Thus, the null hypothesis before carrying out the experiment was that if the participant in a relaxed state (having his/hers eyes closed) would attain big, highly spread alpha waves, he would be considered as an extrovert and vice versa.Methods:A within-subjects type of study design was used for the experiment that has been carried out. The purpose of it was to find out if there is a relation between extraversion and the variability of cortical arousal by recording brain’s activity in cerebral cortex. The dependant variable was the extraversion score by Eysenck’s Personality Inventory. Independent variable was the level of general arousal-alpha amplitudes with eyes opened/closed and performing mental-mathematic tasks.Three classes carried out the experiment, the process of carrying it out included dividing each class in a several groups of four or five.
Each member of the group allocated their position as a ‘subject’, ‘director’ or recorder and swapped their places with each new participant. In addition, each group did two to three participants. The allocation of the roles was completely randomised. The results might slightly been influences by a few factors: the variation of the participants’ age, nineteen to twenty five years, gender distribution, a total number of female participants in a class were thirty four, male-twelve.
A few of the participants were non-native English speakers.The equipment, needed to carry out the experiment, included the ‘Biopac’ system- electrode lead set- to record cerebral cortex’s arousal and a computer system- to represent and track the data- brains activity- raw EEG (electroencephalogram) signal and four of the brain rhythms: alpha, beta, delta, and theta. The software, used for the experiment was the ‘Biopac’ analysis software. In addition, Eysenck’s Personality Inventory was used to estimate the extraversion score.Firstly, after assigning the positions for each member of the group, the participant was placed in a seat; three vinyl electrodes were attached to participants’ scalp.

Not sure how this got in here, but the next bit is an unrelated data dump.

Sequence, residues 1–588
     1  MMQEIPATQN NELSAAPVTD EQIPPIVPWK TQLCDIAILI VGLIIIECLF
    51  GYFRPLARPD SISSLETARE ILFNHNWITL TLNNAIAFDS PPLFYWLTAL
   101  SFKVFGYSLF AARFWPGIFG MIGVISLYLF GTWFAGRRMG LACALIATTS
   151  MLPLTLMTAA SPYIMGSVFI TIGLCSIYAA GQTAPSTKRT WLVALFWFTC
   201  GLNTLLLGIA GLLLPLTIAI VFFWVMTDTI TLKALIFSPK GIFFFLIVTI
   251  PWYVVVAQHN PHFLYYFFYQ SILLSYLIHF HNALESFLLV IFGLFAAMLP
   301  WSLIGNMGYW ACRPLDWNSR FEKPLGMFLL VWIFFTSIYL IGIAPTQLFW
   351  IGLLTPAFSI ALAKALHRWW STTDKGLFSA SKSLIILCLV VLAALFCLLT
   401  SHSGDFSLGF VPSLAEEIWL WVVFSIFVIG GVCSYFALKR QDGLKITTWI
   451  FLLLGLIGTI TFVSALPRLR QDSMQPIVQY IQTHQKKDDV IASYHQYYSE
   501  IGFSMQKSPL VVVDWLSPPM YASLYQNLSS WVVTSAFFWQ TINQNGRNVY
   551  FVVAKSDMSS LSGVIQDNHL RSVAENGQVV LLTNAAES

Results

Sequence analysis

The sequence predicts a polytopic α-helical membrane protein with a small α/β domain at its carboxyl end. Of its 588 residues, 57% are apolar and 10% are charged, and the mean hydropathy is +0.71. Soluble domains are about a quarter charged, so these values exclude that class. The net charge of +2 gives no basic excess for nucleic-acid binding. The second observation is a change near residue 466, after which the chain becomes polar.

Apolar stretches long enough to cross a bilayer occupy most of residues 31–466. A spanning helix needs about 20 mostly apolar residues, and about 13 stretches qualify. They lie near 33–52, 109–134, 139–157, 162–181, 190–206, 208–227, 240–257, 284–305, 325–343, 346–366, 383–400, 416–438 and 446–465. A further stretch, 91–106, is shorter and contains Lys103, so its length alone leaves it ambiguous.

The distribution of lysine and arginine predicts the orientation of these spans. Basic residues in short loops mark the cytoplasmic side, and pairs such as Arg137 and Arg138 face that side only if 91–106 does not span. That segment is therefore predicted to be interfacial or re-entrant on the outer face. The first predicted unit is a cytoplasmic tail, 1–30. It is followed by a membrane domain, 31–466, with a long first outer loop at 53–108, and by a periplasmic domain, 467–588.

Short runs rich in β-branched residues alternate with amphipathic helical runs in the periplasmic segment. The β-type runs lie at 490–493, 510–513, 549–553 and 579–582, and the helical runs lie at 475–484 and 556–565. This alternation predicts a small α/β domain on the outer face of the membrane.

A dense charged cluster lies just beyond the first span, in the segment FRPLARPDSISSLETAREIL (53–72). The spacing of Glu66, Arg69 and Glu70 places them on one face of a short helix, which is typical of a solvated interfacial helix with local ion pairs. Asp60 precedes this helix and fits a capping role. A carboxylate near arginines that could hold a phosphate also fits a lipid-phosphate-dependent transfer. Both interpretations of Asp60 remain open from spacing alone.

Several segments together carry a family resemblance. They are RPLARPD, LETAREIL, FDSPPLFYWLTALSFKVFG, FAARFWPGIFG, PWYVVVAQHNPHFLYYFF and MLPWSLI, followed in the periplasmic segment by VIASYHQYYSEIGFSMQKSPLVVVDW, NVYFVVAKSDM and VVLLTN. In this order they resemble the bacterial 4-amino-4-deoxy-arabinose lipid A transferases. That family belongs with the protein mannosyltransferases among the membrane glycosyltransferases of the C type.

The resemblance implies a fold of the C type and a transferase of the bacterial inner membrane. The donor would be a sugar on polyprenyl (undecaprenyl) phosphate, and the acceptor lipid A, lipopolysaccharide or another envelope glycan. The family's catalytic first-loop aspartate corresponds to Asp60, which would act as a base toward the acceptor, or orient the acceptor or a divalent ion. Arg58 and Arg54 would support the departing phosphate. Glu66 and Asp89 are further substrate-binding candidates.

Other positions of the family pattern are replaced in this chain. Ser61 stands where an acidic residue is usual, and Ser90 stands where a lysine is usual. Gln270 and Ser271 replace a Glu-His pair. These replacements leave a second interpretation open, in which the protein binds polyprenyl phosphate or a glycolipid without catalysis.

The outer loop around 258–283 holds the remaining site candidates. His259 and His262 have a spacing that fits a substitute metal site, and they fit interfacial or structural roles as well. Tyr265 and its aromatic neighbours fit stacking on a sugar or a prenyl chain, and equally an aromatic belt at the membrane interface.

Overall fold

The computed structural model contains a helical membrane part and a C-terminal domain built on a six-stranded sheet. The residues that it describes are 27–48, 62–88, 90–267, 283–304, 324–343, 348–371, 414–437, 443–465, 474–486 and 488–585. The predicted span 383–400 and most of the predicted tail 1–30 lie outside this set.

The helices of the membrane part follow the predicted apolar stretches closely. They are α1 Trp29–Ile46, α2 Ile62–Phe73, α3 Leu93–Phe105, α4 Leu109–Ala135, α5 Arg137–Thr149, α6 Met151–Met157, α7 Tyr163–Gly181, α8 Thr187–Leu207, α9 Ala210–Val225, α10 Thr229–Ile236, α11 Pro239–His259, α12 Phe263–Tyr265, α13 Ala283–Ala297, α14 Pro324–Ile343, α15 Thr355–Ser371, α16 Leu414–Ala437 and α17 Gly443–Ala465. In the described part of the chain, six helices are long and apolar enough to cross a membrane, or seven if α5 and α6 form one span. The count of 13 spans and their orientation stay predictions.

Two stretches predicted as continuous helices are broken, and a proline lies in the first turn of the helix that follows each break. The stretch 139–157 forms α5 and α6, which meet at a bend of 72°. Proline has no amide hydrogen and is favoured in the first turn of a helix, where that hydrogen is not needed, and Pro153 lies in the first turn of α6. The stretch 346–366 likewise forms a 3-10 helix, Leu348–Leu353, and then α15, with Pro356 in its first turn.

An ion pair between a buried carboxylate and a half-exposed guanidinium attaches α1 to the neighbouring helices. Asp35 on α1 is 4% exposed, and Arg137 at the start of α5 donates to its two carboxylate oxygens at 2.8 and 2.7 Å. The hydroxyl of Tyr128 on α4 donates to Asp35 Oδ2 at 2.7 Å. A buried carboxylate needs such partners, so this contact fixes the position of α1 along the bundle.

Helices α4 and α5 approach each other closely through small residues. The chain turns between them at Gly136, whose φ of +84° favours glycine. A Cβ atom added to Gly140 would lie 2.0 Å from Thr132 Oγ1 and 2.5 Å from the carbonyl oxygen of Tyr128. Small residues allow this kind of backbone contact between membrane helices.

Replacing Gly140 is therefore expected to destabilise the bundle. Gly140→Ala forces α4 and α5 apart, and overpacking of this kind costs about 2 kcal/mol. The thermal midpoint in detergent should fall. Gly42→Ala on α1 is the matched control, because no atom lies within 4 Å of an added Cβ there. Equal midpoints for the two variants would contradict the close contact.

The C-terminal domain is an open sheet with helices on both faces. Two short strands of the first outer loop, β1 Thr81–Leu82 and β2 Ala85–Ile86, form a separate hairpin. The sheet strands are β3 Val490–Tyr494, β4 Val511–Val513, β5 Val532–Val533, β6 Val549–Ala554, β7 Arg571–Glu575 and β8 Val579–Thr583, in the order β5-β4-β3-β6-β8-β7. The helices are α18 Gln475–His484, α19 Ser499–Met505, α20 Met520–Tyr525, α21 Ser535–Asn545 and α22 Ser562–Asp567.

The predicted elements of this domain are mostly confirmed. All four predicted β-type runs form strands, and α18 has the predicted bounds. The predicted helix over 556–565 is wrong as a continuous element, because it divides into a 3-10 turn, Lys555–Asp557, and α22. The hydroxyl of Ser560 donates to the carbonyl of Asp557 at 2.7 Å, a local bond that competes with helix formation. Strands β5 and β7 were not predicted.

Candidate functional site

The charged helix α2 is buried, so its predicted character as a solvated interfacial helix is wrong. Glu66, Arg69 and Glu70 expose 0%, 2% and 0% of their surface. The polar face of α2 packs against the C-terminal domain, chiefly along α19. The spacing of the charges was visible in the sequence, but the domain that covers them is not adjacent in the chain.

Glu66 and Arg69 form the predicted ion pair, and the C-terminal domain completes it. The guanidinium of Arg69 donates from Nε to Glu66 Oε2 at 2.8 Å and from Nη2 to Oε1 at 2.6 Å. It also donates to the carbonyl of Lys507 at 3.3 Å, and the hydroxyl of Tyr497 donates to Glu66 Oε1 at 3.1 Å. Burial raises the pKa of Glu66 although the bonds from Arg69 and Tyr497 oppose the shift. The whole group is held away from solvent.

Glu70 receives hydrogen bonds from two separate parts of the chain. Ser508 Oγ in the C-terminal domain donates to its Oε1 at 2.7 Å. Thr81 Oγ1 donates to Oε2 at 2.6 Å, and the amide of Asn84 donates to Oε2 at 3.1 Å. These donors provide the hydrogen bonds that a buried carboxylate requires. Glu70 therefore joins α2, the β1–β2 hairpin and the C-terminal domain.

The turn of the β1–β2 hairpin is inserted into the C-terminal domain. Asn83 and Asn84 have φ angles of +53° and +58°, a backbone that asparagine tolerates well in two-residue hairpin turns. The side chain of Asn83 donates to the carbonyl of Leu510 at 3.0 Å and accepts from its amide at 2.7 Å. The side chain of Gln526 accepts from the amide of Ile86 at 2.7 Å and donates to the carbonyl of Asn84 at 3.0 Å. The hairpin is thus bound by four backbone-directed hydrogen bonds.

The results were collected, having the participant to perform tasks under these conditions: relaxed with eyes closed, performing mental arithmetic tasks with eyes closed, hyperventilating with eyes closed and finally, relaxed with eyes opened. The participant was asked by researcher to remain still- trying not to make any movements in order not to affect the reliability and validity of the results; and relax for about five minutes. Firstly, the participant was asked to relax with eyes closed for ten seconds, then opened- not blinking for the next ten seconds and lastly, relaxed with eyes re-closed for the last ten seconds. At the same time, the data was recorded with the ‘Biopac’ software.
The process of analysing the data included selecting some data areas (eyes opened/closed or re-opened) with I-Beam cursor, then for each stage, selecting an area that represents one cycle in the alpha wave. After recording the results, EEG, Alpha and Alpha RMS mean standard deviation (it is needed to measure the variability of data points) under each condition were observed.Results:As opposed to the hypothesis, the results that were obtained using ‘Pearson correlation’ showed no significant relationship between the means of Eysenck’s “E” Score and Alpha RMS mean with participant’s eyes closed (significance level .05). ‘Pearson correlation’ results: r= -.
111 (negative relationship between the variables); N= 45 (number of the participants (there were 46 participants originally, however, one of the results were stated as an outlier)); p= .468 (p; .05, not significant). Having the fact that there was no significance of correlation coefficient, the two variables can be said to have no cause and effect type of relationship.